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Main Forum => General Discussion => Topic started by: Pappy T on December 18, 2018, 09:00:28 pm

Title: 2020 Ford E450 cutaway
Post by: Pappy T on December 18, 2018, 09:00:28 pm
Interesting news, wonder if any rv builders will be using this !
https://www.worktruckonline.com/313956/lightning-systems-debuts-all-electric-ford-e-450-cutaway 
 Pappy T
Title: Re: 2020 Ford E450 cutaway
Post by: Ron Dittmer on December 18, 2018, 09:35:30 pm
With a range of 110 miles, it would take forever for us to cross the Great Planes.

I wonder if running the generator while driving will maintain the EV system.  If that works, there will be fuel consumption, but so little by comparison to a V10.

If the generator burns one gallon of fuel per hour.  At 60 miles per hour, that comes to 60 miles to the gallon.
Title: Re: 2020 Ford E450 cutaway
Post by: donc13 on December 19, 2018, 07:08:51 am
With a range of 110 miles, it would take forever for us to cross the Great Planes.

I wonder if running the generator while driving will maintain the EV system.  If that works, there will be fuel consumption, but so little by comparison to a V10.

If the generator burns one gallon of fuel per hour.  At 60 miles per hour, that comes to 60 miles to the gallon.

Well, let's see, the bus on the story has a 220kw motor, our PC has  4kw generator.. So you'd need 220/4 generators to get the same power.... That's 55 generators each using 1 gallon per hour.... Or 55 gallons per hour.

1.09 miles per gallon.

And that presumes you can tuck those 55 generators somewhere and that they don't weigh anything.

:-)


Title: Re: 2020 Ford E450 cutaway
Post by: Ron Dittmer on December 19, 2018, 09:55:08 am
If that is the case, how could you plug the vehicle into an outlet at home and get any kind of useful charge? 
Two or more days to charge the vehicle?   (WH)
Title: Re: 2020 Ford E450 cutaway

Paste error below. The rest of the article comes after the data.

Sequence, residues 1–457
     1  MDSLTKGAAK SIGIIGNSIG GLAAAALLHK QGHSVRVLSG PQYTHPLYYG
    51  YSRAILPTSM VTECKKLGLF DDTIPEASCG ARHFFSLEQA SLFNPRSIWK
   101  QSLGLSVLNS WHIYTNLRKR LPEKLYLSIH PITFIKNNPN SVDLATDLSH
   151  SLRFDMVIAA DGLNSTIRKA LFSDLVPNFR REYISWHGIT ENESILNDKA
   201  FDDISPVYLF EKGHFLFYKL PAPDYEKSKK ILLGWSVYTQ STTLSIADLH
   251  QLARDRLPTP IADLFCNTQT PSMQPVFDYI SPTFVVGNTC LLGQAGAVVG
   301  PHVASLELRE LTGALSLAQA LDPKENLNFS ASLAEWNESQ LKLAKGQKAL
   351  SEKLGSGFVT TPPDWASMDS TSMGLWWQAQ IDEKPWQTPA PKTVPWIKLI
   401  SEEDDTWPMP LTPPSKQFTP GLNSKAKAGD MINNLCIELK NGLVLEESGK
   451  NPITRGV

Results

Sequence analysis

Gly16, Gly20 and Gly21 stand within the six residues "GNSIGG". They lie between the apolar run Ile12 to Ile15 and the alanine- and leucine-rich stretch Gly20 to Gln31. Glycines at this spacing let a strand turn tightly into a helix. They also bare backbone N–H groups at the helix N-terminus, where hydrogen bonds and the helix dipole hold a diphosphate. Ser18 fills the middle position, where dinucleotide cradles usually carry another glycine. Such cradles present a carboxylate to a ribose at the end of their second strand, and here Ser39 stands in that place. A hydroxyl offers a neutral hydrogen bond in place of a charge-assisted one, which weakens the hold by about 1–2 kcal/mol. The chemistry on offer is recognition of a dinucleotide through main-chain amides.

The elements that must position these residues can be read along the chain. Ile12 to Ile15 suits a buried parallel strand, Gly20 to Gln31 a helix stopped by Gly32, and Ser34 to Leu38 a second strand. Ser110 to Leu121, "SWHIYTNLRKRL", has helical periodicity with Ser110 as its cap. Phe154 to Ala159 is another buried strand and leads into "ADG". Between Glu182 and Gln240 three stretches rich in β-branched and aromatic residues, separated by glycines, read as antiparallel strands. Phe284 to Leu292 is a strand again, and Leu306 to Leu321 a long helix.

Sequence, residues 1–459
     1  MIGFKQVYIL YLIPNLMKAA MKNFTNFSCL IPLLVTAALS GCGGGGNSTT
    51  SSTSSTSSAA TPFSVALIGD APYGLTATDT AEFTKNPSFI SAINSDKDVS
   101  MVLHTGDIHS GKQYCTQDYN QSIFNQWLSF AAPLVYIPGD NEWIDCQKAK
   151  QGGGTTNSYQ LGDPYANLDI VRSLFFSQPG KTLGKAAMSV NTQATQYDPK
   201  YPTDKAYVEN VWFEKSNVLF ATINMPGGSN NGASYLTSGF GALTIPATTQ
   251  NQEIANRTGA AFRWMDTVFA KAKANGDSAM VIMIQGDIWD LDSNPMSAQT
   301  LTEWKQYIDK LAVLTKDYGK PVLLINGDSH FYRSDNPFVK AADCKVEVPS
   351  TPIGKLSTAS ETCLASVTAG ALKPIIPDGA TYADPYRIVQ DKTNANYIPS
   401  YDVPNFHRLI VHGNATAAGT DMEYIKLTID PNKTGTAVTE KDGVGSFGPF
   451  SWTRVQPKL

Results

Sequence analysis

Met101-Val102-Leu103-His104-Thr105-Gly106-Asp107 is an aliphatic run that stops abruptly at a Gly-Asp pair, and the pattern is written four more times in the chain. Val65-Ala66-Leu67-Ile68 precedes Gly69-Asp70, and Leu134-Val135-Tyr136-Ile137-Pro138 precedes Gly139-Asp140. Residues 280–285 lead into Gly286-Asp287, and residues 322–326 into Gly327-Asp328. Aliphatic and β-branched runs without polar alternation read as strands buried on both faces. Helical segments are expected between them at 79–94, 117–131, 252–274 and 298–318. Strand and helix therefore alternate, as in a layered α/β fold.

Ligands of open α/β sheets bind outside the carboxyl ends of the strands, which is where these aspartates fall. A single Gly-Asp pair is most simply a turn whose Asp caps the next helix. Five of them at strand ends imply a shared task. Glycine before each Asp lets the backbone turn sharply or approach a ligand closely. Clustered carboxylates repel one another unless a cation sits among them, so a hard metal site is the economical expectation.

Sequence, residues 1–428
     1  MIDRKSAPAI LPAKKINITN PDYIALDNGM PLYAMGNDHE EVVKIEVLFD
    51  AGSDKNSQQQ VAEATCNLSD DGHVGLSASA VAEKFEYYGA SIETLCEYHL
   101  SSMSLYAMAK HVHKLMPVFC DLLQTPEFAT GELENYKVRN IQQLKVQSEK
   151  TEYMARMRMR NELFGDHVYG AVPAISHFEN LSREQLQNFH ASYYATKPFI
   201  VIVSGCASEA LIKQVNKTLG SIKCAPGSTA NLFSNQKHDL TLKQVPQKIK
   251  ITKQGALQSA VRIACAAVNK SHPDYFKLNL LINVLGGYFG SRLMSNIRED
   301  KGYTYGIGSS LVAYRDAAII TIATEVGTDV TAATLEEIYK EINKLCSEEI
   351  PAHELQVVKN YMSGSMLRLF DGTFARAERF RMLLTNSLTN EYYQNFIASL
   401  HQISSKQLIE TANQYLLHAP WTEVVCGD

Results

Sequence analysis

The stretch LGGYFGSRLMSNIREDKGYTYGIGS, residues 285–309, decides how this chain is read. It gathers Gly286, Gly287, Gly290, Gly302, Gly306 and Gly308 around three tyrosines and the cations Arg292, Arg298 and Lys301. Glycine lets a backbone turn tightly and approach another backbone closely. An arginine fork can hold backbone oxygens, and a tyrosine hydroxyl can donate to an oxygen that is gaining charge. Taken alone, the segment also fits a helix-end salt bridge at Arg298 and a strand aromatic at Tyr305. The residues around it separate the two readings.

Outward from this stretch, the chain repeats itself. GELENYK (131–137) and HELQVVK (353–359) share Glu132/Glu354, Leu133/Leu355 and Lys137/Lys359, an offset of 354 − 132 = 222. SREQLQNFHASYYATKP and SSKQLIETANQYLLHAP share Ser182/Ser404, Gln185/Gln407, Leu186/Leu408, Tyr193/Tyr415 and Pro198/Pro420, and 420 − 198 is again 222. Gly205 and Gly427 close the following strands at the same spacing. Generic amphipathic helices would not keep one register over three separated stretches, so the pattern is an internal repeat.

Post by: fandj on December 19, 2018, 11:24:07 am
A 4000 watt generator puts out about 5 hp.  Here is an example of a 6 hp RV.  I suspect it would take quite awhile to cross the Plains in a Conestoga Cruiser. ;)



Title: Re: 2020 Ford E450 cutaway
Post by: donc13 on December 19, 2018, 02:23:39 pm
If that is the case, how could you plug the vehicle into an outlet at home and get any kind of useful charge? 
Two or more days to charge the vehicle?   (WH)

You can't plug it into a standard 120v/15a outlet at home.   You need a 220 @50 or more amps per phase for an electric car, and typically 480v @50 or more per phase (3 phase) for larger vehicles.

Power is power, doesn't matter if it comes from real horses, a diesel-electric setup (a railroad locomotive), a battery, electric utility, whatever.  A battery is simply a storage container for electricity.  It takes a lot of power to fill a battery with enough capacity to drive a 12 ton vehicle 110 miles.

Yes, it does take a long time + high voltage (power) to charge an electric car.  Just like you can't use a few D cell batteries to run a golf cart, you can't use a 4kw generator to run a motorhome down a highway.

Title: Re: 2020 Ford E450 cutaway
Post by: Pappy T on December 19, 2018, 04:35:31 pm
Sssoooo , I'm guessing it won't happen anytime soon . Great calculations and comparisons guy's , knowing all that now I know I wouldn't get one even if it was free   :)
Title: Re: 2020 Ford E450 cutaway
Post by: Dynadave on December 19, 2018, 06:23:46 pm
The world and technology is changing at such a fast rate that I donít think most of us can comprehend it. How many of us saw the capability of modern computers coming, or the change in communication systems, the internet, medical marvels. Driverless vehicles are coming and they will be electric or at least hybrid, the only question is when. It may happen faster than we think it will. Maybe virtual rving is next, sure hope not, itís not what I want but the next generation may think itís great! Who knows......????
Title: Re: 2020 Ford E450 cutaway
Post by: CalCruiser on December 19, 2018, 07:57:07 pm
With a range of 110 miles, it would take forever for us to cross the Great Planes.

And when you get  to the Rockies find a tow truck to haul it up the mountain  (exactly)
Title: Re: 2020 Ford E450 cutaway
Post by: donc13 on December 19, 2018, 08:32:03 pm
The world and technology is changing at such a fast rate that I donít think most of us can comprehend it. How many of us saw the capability of modern computers coming, or the change in communication systems, the internet, medical marvels. Driverless vehicles are coming and they will be electric or at least hybrid, the only question is when. It may happen faster than we think it will. Maybe virtual rving is next, sure hope not, itís not what I want but the next generation may think itís great! Who knows......????